Friends ask me sometimes, “If you understand art so well, why don’t you begin painting yourself?” That’s because I would make a bad artist. My brain is wired differently. Shakespeare could produce three metaphors in a single line, and I need half an hour to think up one. And chances are it won’t be nearly as good. A talented painter can produce a dozen visual metaphors in a sketch, while I would be half-way through the preliminary measurement of my future painting to locate the golden ratio line. A good painter will find and draw it with the speed of a trained cop drawing his service gun: his hand knows where it is.
Good artists are spontaneously good. It is what sets them apart from art critics who are spontaneously critics. Even though I don’t style myself as an art critic, but as an art appreciation coach, there you are, anyway.
To give you a bad metaphor: good artists come up with orgasmic paintings each time they have sex with their paints, and I would be a nightmare painter struggling with ejaculation problems. It is like a writer’s block experienced by someone who is not a writer. We don’t want it, do we? Of course not.
This morning, I pulled my couch outside to an empty beach in the Bahamas to do some coaching, and – what a surprise – I met an artist who had just finished her sketch. That’s her photograph on top.
So we sat together, and chatted about her artwork.
This is a seemingly simple and very spontaneous painting of a beach hut that Boryana Korcheva put out to dry moments ago.
There’s nothing unusual about the yellow sand, the blue skies and the ultramarine ocean, which seems a bit wavy, with some whitecaps at a distance. No wonder then that there are no people on the beach, except the two of us.
Artmoscow: Boryana, you are a resident here. Tell me, is it going to be a windy day? No swimmers or sun-bathers to disturb the view?
Boryana: No, since the island is surrounded by a reef, the sea tends to be calmer on this side of the reef and almost always choppy beyond it, so yes, most of the time there are white caps in the horizon.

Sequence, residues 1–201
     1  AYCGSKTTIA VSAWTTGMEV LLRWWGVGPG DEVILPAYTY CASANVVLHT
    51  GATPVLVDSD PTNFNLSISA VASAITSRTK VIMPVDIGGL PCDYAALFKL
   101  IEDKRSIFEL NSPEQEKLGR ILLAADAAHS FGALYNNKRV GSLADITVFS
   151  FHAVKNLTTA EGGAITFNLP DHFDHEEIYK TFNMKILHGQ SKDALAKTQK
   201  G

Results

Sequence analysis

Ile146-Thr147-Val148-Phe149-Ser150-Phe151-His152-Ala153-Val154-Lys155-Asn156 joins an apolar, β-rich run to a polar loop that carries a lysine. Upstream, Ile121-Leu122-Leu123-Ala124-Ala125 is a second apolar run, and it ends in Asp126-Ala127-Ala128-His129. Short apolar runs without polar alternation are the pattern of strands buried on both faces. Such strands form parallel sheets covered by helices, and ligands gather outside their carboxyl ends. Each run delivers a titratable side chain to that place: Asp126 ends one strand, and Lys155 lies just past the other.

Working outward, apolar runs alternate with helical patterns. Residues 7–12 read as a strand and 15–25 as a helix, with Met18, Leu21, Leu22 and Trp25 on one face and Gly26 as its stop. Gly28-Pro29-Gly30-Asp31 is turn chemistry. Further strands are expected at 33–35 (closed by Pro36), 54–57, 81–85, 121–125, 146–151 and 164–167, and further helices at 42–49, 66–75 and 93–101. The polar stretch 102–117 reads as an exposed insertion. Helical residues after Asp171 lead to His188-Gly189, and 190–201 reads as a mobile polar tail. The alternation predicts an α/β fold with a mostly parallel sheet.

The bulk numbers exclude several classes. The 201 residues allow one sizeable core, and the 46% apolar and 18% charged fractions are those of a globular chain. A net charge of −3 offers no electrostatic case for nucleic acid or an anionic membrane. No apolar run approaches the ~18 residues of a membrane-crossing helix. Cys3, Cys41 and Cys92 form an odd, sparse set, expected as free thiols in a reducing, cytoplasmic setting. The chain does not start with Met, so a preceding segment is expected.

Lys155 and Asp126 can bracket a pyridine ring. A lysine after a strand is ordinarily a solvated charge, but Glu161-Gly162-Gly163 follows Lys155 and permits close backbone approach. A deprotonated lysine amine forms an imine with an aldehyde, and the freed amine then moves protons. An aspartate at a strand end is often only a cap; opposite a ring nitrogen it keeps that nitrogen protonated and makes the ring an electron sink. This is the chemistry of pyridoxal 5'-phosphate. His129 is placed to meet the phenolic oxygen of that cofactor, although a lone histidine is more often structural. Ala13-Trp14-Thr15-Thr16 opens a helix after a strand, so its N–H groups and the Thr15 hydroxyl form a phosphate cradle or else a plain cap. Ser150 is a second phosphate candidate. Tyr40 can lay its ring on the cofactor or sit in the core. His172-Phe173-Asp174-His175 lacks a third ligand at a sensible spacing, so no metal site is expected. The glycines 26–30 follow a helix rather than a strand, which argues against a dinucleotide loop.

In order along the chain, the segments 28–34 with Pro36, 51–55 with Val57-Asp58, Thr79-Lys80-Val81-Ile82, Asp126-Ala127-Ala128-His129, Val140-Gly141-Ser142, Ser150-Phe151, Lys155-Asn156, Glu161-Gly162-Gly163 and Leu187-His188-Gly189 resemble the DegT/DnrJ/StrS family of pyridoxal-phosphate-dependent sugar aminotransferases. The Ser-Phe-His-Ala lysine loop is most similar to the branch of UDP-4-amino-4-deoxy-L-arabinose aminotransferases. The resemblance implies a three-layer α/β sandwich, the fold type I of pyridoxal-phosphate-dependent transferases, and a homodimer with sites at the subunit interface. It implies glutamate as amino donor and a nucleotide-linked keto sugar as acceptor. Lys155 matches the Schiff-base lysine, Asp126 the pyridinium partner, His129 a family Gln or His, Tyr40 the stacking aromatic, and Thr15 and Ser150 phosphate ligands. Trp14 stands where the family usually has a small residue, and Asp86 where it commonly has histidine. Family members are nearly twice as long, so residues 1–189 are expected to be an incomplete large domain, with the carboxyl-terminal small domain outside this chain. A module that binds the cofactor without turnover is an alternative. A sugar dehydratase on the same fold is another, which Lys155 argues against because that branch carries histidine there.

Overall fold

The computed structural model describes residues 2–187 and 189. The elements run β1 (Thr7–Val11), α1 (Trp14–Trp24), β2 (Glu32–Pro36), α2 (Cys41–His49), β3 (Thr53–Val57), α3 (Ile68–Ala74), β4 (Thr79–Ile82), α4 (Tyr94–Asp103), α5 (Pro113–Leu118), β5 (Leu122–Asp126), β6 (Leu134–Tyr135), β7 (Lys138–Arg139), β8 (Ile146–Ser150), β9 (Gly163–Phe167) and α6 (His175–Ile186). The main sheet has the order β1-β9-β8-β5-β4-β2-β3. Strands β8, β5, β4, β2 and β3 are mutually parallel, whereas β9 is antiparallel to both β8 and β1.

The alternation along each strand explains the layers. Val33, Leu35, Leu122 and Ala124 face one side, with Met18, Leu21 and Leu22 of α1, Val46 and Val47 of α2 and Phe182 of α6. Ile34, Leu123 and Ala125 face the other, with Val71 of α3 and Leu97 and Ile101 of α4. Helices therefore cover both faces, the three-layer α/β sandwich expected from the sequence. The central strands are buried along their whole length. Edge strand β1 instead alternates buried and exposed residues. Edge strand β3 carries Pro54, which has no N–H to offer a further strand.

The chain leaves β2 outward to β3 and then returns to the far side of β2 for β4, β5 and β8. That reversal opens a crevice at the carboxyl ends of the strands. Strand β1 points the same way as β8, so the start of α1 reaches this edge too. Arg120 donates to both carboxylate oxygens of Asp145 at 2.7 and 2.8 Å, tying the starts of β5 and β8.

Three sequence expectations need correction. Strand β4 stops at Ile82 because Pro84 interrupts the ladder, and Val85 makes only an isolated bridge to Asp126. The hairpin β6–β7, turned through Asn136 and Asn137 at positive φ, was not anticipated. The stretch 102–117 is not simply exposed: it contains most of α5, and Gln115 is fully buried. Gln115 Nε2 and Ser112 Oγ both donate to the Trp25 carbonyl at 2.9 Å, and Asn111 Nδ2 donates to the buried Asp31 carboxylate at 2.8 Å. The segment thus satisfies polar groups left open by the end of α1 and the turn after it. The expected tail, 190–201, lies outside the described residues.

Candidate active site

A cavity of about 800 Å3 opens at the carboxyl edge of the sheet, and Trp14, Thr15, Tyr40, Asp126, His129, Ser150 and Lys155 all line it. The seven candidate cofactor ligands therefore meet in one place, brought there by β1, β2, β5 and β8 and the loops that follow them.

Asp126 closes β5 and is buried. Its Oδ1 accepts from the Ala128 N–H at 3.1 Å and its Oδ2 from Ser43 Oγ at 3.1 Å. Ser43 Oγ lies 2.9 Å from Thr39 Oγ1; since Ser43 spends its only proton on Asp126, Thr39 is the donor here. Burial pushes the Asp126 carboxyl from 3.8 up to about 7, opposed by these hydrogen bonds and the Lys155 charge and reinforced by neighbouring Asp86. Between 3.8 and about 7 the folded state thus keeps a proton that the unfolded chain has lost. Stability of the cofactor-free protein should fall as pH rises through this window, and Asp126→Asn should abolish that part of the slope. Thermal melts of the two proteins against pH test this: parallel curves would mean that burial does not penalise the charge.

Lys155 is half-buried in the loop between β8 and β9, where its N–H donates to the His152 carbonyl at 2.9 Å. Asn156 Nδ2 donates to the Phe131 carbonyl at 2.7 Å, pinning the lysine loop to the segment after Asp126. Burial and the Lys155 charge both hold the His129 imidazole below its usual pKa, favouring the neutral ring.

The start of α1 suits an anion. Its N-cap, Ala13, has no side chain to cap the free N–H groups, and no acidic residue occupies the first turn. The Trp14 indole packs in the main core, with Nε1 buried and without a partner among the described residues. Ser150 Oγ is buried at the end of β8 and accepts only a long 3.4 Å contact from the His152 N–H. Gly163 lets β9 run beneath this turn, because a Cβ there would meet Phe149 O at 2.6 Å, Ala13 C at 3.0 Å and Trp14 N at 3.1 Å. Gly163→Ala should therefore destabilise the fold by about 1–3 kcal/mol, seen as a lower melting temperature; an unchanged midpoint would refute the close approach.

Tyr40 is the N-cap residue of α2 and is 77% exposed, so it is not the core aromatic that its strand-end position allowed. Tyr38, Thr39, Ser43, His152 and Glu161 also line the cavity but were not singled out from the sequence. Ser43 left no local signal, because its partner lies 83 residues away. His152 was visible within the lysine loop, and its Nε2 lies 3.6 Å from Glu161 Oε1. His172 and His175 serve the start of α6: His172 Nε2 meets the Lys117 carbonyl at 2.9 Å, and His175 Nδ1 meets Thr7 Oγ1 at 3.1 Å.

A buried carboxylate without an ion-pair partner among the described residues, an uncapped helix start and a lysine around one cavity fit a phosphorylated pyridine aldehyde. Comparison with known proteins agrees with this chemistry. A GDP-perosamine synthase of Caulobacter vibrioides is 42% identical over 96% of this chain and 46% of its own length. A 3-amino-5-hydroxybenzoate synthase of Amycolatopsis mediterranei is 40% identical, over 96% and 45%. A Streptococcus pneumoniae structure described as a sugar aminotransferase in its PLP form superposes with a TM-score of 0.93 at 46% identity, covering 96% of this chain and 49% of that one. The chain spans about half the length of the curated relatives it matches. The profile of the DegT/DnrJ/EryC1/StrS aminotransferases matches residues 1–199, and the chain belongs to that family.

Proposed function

Artmoscow: Oh, all right then, so we don’t have much time before people swarm the landscape. Do you come here often, at this early hour? What do you like about being here?
Boryana: I am fortunate to start every day with a walk on the beach – this is my very own hour of quiet dialogue with the ocean and the elements. Before heading home, I love to stand for a few minutes with my eyes closed and listen to the sound of the waves – the ones that crash at my feet and the ones further and further until I lose them. I imagine that the waves go through me – it feels fantastic.
Artmoscow: I am lucky to meet you here just before you were going to leave, I guess. As I look at the hut, I can’t fail to notice it is painted differently from the sea and the sand. The latter look like a serene stage set for the rather chaotic shed.
Why is it chaotic? What did you think about when you were painting it?
Boryana: A lonely beach hut against the vastness of the ocean – an unsteady shelter, forbidden lovers’ hideaway, a place of shadowy exchanges?
Artmoscow: I see it may mean a lot to you. To me, it doesn’t seem to be a firm structure bolted to the ground. It is crawling forward, as if the wind from the ocean shoves it to move on.
There’s movement in the painting, as if some energy is passed over from the ocean to the hut. Something is handed over, like the baton in a relay race.
The heaving ocean is breathing at the hut’s back as a live beast, which is, quite fortunately, separated by the wide stripe of sand from the observer (which, in its turn makes me, the observer, feel safe).
This dynamism is provided by a perfectly proportioned positioning of the hut just at the border of the centre of the painting, to which the eye wants to draw the house, and the slanted lines of the roof indicate this direction: they prompt the eye to drag the shed up and to the right .
It is also possible to see this house as a live animal, resisting the wind, with its head stubbornly lowered and its tail stuck out in the effort to remain rooted to the spot.
Boryana: oh, no, I don’t think I wanted it to be an animal… Though you never know what chaos can unleash…
Artmoscow: OK, but this hut, moving to the right, does seem to be alive with specks of bright colours like a twinkle in the eye and the orange flag on top blown about by the wind…
Boryana: Yes, those flickers of light, cries of seagulls, clatter of loose planks against the rustle of the waves, it is all there. And then – the eternal peace of the horizon.
Artmoscow: If I talk like a complete bore, you seem to be reciting some nice poetry, as a true artist probably should. Yes, I can see the wind gushing through this semi-transparent hut, and I guess, I can hear the planks clatter… So, there’s not just movement in this sketch, there’s also plenty of sounds.
Boryana: Yes, the audio world is just as exciting as the visual one, but we tend to neglect it. Try to stand still, close your eyes and tune to the noises around you – the immediate and then the distant ones. Another one is to pay attention deliberately to what you perceive through your skin.
Artmoscow: That sounds like a psychotherapy exercise that better be undertaken in solitude. While you are here, I would like to understand a bit more about the chaos of the hut.